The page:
Doctor Who’s BitTorrent Box Set won’t change the pirates

The BBC is experimenting with offering a 10 episode “box set” of Doctor Who episodes via BitTorrent. Hurrah for experimentation — but don’t expect it to change much in the way of pirate behaviour.
Usually, when folks search for Doctor Who on BitTorrent, they’ve no intention of paying for it. But right now, for $US12 (~$15.72 AUD), via BitTorrent (that’s the company, not the client protocol, a mistake that many people make), you can grab a bundle of episodes comprising Rose, The Empty Child, The Doctor Dances, The Girl In The Fireplace, Blink, The End Of Time (Parts One and Two), The Vampires Of Venice, The Doctor’s Wife, The Rings Of Akhaten and Listen, spanning every Doctor from the “New Who” era of the program, along with a wealth of linking material presented by the current Doctor, Peter Capaldi.
It is, by any reasonably objective measure, a genuine bargain. OK, I’m in no real way “objective” when it comes to Doctor Who, but what you’ve got there are some genuinely great episodes from every current Doctor’s era, including Neil Gaiman’s excellent “The Doctor’s Wife” and Steven Moffat’s brilliant “The Empty Child/The Doctor Dances” two-parter. Also, there’s The Rings Of Akhaten, but you can’t hit a six every time you go out to bat. Still, if you wanted a low-cost way to introduce Doctor Who to someone who’d never seen it before, this would be a superb way to do it.
The BBC is trumpeting it as an “experiment” with the BitTorrent company, brought about, according to The Guardian, due to coffee meetings between BBC digital execs and their opposite numbers at BitTorrent. The idea is that it’ll spark and reinvigorate those who would otherwise pirate content into actually paying for it.
As I said, I think it’s a great bundle, and there’s absolutely no problem with the price. In fact, I don’t think (outside of piracy) that you could score those particular episodes any cheaper individually through any of the services that already offer them. As long as the BitTorrent stream is reasonably well populated, it could also be faster, and it’s clearly in BitTorrent’s (the company, that is) interests to keep it well seeded.
Still, I suspect that it won’t make a significant dent in the piracy problem, for a couple of simple reasons.
Firstly, there’s the fact that these are established, already broadcast episodes. Yes, I totally get that this is experimental, but the issue here is the hype around Doctor Who (and similar programs such as HBO’s Game Of Thrones) is never larger than when there’s new content to share. Aside from the linking bits — which, I’ll admit, I’m tempted to pay for even though I’ve got the episodes already, because I’m that kind of fan — it’s all stuff that’s been widely disseminated across multiple channels already. Including BitTorrent.
That’s the second problem. BitTorrent is fighting its own user base in a way, because it doesn’t take a whole lot of work to find these episodes on currently seeded torrents anyway. That’s a huge and ongoing problem for content creators, but the reality here is that there’s a large swathe of the audience that, even when faced with a budget price point, will most likely look at the torrent, look at the free alternative and decide to keep their fifteen bucks and change in their pockets. It’s greedy, it’s short sighted — but it’s sadly what happens a very great deal.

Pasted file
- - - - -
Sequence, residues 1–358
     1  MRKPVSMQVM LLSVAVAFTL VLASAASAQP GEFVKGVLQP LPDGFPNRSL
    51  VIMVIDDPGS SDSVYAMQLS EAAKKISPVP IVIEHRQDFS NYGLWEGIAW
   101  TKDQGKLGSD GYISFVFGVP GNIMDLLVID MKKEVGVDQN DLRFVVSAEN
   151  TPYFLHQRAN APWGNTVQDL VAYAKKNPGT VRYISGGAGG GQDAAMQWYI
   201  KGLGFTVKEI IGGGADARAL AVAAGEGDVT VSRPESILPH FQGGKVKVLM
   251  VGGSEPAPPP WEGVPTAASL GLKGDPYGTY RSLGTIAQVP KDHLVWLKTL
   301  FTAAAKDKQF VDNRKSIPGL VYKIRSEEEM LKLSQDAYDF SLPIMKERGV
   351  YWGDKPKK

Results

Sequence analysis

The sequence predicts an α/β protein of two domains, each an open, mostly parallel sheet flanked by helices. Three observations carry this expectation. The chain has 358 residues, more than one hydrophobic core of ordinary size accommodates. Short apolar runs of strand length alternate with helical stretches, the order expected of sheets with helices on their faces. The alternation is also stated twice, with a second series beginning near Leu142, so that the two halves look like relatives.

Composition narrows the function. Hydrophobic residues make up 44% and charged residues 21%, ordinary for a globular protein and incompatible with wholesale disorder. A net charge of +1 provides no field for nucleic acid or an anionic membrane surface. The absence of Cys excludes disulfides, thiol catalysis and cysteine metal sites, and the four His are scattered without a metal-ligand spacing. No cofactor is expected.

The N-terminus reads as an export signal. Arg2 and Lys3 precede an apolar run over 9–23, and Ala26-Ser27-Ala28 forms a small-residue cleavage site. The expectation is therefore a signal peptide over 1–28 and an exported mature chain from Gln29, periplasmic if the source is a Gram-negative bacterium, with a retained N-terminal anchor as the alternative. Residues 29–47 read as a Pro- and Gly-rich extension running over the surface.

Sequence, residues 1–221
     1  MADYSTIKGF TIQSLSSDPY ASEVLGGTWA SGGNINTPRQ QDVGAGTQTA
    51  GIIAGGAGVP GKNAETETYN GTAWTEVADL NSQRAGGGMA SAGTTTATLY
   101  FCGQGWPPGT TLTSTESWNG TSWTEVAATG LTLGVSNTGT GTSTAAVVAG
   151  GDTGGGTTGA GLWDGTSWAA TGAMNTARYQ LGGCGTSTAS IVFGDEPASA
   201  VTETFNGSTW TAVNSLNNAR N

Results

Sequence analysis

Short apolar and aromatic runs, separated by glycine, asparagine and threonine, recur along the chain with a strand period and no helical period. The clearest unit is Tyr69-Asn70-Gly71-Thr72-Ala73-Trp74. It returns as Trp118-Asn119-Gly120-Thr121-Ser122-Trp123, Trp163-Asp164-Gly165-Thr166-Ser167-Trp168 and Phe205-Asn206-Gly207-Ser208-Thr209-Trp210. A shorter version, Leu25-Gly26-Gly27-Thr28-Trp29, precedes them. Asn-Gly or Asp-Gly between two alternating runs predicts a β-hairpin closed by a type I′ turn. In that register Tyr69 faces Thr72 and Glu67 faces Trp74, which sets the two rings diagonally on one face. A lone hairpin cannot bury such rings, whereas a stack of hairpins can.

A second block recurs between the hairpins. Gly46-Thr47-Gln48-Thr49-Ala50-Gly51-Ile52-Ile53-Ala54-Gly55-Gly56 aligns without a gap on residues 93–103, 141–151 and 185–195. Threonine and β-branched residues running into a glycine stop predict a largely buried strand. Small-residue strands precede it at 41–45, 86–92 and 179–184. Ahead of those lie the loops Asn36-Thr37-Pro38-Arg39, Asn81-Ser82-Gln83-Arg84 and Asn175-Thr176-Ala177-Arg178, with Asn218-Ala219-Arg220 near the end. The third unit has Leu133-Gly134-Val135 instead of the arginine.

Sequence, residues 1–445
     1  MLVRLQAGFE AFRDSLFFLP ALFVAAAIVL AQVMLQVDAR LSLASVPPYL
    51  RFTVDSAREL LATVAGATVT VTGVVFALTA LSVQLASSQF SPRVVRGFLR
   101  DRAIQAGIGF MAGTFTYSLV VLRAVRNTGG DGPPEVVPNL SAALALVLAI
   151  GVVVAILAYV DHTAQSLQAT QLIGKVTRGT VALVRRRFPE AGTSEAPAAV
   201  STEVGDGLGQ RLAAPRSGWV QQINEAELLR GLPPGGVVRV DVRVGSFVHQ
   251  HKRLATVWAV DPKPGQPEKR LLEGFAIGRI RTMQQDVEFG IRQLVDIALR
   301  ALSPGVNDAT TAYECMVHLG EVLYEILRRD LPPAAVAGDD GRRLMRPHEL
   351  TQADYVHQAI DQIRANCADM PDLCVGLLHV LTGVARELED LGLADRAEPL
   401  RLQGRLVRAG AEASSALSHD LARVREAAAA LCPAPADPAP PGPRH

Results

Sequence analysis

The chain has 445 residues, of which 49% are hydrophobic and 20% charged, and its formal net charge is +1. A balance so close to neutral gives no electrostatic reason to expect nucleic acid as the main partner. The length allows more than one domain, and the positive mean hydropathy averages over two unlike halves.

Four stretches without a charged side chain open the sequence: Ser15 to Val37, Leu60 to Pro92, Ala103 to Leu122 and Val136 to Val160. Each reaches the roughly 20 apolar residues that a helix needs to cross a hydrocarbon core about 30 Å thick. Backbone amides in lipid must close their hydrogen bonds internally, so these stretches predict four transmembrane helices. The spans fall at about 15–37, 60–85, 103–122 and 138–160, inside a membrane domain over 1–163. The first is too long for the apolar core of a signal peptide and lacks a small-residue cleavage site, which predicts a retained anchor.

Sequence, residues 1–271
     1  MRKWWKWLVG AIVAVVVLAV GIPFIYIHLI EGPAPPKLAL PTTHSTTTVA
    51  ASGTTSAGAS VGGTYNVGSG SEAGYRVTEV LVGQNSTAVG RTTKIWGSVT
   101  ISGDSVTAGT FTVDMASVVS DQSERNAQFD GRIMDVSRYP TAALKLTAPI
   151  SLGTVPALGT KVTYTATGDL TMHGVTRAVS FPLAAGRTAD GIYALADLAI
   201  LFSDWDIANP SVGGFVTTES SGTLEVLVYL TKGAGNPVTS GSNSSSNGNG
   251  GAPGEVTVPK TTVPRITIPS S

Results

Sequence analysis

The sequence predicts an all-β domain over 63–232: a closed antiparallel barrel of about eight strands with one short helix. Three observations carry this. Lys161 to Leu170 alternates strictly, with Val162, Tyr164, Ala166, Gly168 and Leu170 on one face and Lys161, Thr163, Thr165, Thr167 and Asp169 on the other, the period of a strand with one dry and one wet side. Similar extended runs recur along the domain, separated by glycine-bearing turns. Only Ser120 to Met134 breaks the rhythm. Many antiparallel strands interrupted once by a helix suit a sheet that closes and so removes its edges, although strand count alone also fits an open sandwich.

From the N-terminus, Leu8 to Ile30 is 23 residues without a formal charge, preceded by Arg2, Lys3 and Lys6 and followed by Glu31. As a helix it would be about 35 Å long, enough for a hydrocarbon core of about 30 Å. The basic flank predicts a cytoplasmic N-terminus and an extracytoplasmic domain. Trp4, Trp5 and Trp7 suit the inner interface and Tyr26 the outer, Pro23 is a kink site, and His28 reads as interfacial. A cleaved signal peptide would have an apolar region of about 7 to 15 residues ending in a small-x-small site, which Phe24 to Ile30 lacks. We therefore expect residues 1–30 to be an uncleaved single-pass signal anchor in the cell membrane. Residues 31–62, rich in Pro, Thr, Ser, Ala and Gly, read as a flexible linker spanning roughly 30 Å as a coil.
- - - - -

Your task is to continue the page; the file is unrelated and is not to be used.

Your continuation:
Which circles back to the entitlement culture that’s grown up around a lot of entertainment produced today. It never fails that when I write something like this, a percentage of the feedback is “Oh, but they make us wait too long anyway” or “Oh, but they charge too much anyway” leading inevitably to “Oh, I’ll just pirate it anyway, LOL”. Yes, those are all statements I’ve heard endlessly in the race to justify piracy.
Only that last one is honest, and it’s only honest in the sense that, especially in the case of a show that was fast-tracked by the ABC last season for simultaneous broadcast, that comes out on digital media just about as fast as the bits can be assembled or the discs can be printed, piracy is still predominantly about people being impatient and greedy. They’d raise a fuss if you decided not to pay them their hourly wage (or plead poverty, but we’re talking TV here, not food or running water), but it’s fine to do it to other people, because this is the Internet, and the prevailing ethic is all too often that if you can take it, you will.
One dollar fifty per episode for Doctor Who is astonishingly good value in any way, shape or form, but I’ve no doubt that there will be those who would decry it, and state that they’d happily pay if only it was a dollar. Drop it to that, and suddenly fifty cents would be the yardstick. You can see where that thinking is headed, but it’s all too often the only argument that pirates use when justifying their own actions.

About the author

Alex Kidman is a multi-award winning Australian technology writer, former editor at Gizmodo, CNET, GameSpot, ZDNet, PC Mag, APC, Finder and as a contributor to the ABC, SMH, AFR, Courier Mail, GadgetGuy, PC & Tech Authority, Atomic and many more. He's been writing professionally since 1998, and his passions include technology, social issues, education, retro gaming and professional wrestling.

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